BATON ROUGE, La (WVLA) -- Budget cuts to higher education have a different affect on each person at the rally, but the group has one united message. They believe the damage to state universities has already been done.
Johanna Sandrock has only ever wanted one type of job, to teach foreign languages. For 11 years, her passion was her livelihood. But now, Sandrock faces a frightening reality. In January, her career at LSU is over. She is part of the Foreign Language 14, one of only a handful of instructors cut out of 1,300 faculty members at the school.
"The administration thinks that they just cannot afford these 14 faculty members anymore," says Sandrock. "Its such a small little cut."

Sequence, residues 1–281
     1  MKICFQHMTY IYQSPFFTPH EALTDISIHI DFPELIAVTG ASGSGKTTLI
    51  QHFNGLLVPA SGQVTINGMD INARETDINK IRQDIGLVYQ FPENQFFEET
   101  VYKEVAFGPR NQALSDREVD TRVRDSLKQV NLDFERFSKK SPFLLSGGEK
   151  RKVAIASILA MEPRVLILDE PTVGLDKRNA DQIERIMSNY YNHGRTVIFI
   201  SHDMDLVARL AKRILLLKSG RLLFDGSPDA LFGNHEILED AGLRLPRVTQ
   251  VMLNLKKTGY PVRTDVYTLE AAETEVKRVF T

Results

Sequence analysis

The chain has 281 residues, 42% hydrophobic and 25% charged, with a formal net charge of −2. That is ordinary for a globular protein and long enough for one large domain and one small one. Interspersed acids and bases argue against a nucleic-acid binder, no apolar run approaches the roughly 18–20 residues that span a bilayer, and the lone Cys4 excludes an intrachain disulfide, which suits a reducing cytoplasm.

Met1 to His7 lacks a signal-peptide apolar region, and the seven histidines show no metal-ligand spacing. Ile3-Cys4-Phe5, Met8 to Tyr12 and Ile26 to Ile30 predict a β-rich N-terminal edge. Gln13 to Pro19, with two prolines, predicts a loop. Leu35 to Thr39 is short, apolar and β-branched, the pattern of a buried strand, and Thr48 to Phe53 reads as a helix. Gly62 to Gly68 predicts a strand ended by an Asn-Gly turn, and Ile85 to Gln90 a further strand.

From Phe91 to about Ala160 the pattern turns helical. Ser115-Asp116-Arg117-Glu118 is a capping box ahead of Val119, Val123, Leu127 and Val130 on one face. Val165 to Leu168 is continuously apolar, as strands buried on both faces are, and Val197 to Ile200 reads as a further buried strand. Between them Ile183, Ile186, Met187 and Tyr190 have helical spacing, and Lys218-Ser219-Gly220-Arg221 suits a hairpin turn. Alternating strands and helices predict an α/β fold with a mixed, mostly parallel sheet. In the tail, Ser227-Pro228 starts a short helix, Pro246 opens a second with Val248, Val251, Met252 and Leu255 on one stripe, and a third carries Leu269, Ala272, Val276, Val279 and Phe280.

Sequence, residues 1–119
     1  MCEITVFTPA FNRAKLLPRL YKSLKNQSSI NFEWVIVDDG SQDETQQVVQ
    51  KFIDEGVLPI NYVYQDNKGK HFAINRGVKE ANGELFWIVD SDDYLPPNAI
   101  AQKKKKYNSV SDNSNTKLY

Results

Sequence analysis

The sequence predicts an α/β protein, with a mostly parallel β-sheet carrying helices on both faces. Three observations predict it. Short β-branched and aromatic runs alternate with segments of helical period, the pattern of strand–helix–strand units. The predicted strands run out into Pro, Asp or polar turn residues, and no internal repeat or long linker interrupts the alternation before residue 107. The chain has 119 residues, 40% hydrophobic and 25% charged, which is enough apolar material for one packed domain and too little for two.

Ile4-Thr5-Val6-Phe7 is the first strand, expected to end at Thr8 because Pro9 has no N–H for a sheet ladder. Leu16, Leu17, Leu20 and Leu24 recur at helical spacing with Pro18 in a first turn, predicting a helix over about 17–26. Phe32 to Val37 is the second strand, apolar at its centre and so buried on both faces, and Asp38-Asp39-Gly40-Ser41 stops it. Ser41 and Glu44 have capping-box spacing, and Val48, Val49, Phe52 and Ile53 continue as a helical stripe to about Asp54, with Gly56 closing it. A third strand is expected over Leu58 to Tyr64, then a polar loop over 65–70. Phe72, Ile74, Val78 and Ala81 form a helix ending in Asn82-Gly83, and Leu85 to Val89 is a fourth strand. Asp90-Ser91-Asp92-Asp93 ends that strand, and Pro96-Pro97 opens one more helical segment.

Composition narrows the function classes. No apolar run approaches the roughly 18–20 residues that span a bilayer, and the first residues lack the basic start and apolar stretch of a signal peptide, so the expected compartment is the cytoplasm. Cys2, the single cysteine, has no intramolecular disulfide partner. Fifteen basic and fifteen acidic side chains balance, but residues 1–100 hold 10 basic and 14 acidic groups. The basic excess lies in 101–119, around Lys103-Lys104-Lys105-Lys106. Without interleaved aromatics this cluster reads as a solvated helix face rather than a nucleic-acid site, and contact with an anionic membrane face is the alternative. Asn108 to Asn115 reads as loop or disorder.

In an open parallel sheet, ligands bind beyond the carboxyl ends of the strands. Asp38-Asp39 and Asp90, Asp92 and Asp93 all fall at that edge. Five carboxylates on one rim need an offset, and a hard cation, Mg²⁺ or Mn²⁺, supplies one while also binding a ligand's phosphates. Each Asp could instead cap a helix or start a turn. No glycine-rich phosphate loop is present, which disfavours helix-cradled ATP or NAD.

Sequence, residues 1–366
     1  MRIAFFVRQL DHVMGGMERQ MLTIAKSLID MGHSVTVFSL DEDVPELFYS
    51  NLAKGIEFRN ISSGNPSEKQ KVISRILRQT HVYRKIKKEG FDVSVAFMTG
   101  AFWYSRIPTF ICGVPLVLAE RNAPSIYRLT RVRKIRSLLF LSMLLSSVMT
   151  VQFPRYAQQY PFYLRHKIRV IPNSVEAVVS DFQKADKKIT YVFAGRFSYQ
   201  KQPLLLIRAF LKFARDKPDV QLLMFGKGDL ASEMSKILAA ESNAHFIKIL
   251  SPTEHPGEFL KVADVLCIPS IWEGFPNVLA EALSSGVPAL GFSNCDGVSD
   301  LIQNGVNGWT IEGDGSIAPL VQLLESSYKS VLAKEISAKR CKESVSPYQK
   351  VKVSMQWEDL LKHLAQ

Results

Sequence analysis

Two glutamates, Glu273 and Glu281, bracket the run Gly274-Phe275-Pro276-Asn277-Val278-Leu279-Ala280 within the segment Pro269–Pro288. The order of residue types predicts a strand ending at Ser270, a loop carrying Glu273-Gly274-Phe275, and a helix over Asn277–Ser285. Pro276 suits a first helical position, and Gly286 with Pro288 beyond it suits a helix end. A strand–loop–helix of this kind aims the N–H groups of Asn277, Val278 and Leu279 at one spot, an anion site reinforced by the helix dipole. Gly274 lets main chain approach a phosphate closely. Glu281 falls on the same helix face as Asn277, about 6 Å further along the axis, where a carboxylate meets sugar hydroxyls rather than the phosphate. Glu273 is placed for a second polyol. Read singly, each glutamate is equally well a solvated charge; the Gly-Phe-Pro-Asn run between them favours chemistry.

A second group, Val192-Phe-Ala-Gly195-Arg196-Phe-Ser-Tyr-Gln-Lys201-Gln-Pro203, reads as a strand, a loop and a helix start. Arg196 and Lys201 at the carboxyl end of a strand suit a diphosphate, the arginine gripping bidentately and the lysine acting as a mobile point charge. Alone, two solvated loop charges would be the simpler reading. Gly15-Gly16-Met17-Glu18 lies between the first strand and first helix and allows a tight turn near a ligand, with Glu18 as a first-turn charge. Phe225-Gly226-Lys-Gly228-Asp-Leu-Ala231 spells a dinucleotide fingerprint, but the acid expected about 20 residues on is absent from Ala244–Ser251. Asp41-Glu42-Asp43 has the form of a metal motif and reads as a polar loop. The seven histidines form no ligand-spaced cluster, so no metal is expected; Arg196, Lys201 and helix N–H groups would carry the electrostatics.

Today, she joined the ranks of teachers from all over the state, concerned Louisiana residents, and students already feeling the cuts.
"I know one girl who sits on the floor because there aren't enough desks in the classroom," says University of Louisiana - Lafayette student Paul Kleinpeter.
Students and teachers want to know what happens if the cuts keep coming.
International student Parika Bandyopadhyay worries that the teaching assistance program at Nicholls will be cut. She TAs a class and that's where much of her income comes from. "It won't be possible for me to support my stay over there and carry on my expenses."
Students at Southern are equally concerned. "I may only have the option of taking a particular class in the summer or spring, which is pushing back my graduation date," says student president Demetrius Sumner.
A big reason to spend the day on the capitol steps. "I've lost my job and I don't want anyone else to have to lose their job," says Sandrock.